Navigating uncharted territory with a borrowed map: lessons from setting up the BATH-OUT-2 randomised controlled trial in adult social care and housing services in English local authorities

Jennifer McAnuff*, Tim Rapley, Leigh Rooney, Phillip Whitehead

*Corresponding author for this work

Research output: Contribution to journalLetterpeer-review

6 Downloads (Pure)

Abstract

Populations around the world are rapidly ageing and more people are living with multiple long-term conditions. There is an urgent need for evidence about high quality, cost-effective, and integrated systems of health and social care. Health research funders are now also prioritising research in adult social care and wider local authority settings, e.g. housing services. Developing the evidence base for adult social care should include implementing randomised controlled trials, where appropriate. Within the UK, the clinical trial is the established road map for evaluating interventions in the National Health Service (NHS). However, adult social care and local authorities are relatively uncharted territory for trials. BATH-OUT-2 is one of the first clinical trials currently underway within adult social care and housing adaptations services in six English local authorities. It provides an opportunity to explore how the clinical trial road map fares in these settings. Whilst setting up BATH-OUT-2, we encountered challenges with securing funding for the trial, lack of non-NHS intervention costs, using research and support costs as intended, gaining approvals, identifying additional trial sites, and including people who lack the mental capacity to provide informed consent. Overall, our experience has been like navigating uncharted territory with a borrowed map. In the UK, the clinical trial road map was developed for medical settings. Its key features are integrated within the NHS landscape but have been largely absent, unfamiliar, inaccessible, or irrelevant in social care and wider local authority terrain. Navigating the set-up of a clinical trial outside the NHS has been a complicated and disorientating journey. BATH-OUT-2 highlights how local authorities generally and adult social care specifically are a relatively new and certainly different type of setting for trials. Whilst this poses a challenge for conducting trials, it also presents an opportunity to question longstanding assumptions within trials practices, reimagine the conventional clinical trial road map, and take it in new directions. As the UK research landscape moves forward and becomes better primed for randomised evaluations in local authorities, we propose several suggestions for building on recent progress and advancing trials within adult social care and across health and care systems.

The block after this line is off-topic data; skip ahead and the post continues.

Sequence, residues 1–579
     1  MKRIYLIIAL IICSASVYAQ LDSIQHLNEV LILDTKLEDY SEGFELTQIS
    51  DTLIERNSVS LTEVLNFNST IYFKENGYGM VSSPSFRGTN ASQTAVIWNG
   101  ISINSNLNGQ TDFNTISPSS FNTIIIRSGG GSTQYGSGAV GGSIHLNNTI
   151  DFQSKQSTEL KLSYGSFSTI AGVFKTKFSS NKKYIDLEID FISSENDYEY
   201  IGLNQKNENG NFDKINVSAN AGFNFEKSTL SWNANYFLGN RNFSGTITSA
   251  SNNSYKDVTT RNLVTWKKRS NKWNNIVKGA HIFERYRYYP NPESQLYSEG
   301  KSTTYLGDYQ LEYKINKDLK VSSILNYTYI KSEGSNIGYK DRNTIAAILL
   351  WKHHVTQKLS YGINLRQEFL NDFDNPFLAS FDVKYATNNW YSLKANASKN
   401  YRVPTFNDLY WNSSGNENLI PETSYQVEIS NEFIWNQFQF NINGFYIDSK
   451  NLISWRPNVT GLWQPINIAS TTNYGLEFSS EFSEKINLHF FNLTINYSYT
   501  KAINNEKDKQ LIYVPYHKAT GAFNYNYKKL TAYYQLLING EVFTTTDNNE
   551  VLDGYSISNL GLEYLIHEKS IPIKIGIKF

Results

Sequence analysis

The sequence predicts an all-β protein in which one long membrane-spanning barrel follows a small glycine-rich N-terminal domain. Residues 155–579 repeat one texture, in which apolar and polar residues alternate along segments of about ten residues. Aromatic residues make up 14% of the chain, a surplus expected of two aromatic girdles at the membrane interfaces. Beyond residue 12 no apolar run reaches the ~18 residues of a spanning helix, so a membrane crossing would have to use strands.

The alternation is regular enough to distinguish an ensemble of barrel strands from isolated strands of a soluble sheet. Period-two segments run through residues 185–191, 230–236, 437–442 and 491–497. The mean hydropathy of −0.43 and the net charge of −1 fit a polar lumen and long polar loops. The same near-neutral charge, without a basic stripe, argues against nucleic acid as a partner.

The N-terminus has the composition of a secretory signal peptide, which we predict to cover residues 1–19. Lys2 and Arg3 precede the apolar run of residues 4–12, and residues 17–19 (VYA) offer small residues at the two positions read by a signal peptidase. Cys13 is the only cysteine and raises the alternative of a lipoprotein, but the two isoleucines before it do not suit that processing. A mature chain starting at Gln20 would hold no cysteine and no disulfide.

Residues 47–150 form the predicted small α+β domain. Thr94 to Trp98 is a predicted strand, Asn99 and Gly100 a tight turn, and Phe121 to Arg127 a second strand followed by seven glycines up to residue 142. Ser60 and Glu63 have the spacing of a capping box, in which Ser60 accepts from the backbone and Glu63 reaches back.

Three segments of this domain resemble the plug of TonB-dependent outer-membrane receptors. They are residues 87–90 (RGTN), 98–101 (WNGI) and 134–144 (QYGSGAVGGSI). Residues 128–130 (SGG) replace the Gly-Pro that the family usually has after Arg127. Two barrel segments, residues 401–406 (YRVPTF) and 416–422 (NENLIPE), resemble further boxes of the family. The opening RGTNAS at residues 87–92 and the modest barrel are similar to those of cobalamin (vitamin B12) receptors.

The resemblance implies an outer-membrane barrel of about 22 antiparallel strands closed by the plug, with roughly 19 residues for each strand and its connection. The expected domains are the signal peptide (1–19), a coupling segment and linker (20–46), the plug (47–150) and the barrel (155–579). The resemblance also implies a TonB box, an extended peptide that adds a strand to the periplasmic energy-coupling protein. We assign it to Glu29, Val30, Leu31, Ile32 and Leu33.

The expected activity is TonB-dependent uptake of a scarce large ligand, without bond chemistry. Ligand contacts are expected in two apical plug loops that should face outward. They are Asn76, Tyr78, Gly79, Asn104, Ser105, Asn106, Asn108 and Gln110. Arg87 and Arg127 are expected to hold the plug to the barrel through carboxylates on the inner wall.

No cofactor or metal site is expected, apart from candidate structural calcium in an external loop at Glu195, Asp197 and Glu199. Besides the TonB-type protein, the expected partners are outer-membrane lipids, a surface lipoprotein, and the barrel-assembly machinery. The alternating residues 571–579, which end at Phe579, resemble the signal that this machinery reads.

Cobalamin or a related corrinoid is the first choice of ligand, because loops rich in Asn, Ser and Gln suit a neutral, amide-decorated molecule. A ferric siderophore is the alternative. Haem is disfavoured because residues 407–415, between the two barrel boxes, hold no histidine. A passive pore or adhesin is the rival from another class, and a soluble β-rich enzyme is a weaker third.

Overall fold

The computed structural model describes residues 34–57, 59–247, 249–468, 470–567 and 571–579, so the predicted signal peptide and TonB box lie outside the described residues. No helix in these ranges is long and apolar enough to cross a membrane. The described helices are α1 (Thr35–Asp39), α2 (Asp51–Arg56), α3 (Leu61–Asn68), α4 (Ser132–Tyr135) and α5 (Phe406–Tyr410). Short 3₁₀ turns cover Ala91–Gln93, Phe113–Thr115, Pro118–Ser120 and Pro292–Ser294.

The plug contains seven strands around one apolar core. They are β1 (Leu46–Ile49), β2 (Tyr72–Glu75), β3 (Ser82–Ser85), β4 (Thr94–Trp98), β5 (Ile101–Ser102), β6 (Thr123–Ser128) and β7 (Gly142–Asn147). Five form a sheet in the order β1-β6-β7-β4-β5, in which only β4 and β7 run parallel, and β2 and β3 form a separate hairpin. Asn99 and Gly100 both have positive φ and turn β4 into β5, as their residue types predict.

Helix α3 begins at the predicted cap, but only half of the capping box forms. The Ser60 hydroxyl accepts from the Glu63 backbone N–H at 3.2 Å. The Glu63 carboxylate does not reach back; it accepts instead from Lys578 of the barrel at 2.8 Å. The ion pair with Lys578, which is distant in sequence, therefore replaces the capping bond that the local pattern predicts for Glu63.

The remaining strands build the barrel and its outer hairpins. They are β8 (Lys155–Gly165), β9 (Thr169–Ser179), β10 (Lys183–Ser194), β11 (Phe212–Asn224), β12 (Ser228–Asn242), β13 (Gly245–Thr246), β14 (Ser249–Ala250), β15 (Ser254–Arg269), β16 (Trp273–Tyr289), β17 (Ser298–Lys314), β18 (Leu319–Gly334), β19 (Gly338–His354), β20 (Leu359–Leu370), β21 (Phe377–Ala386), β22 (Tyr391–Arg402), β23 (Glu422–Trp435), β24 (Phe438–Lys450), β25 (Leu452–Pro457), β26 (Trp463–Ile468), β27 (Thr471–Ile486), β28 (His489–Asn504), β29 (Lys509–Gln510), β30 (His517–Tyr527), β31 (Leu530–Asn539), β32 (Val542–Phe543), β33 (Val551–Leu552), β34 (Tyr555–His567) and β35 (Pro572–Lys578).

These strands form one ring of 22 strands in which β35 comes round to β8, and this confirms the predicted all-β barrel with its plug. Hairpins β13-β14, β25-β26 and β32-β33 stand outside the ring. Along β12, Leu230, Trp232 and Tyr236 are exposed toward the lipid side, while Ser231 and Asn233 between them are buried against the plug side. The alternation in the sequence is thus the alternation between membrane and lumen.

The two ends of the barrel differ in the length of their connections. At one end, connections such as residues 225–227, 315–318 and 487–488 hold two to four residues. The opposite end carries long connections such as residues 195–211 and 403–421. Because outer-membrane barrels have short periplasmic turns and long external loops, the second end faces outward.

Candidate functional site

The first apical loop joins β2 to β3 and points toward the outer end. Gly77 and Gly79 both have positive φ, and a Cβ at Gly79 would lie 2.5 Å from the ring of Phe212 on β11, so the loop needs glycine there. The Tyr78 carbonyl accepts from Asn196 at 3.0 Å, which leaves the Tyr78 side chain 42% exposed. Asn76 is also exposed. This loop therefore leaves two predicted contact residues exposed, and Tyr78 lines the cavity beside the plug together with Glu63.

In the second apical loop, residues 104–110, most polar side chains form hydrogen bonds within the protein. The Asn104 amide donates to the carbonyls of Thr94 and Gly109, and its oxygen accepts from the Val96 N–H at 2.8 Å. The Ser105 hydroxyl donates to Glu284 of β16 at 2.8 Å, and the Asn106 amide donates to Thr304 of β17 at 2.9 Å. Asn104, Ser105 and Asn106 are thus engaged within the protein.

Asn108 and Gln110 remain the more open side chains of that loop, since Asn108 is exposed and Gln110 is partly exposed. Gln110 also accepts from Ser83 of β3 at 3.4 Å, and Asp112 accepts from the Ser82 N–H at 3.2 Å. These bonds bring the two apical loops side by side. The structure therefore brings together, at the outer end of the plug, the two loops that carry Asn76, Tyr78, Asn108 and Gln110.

Original languageEnglish
Article number215
Pages (from-to)1-9
Number of pages9
JournalTrials
Volume25
Issue number1
DOIs
Publication statusPublished - 25 Mar 2024

Cite this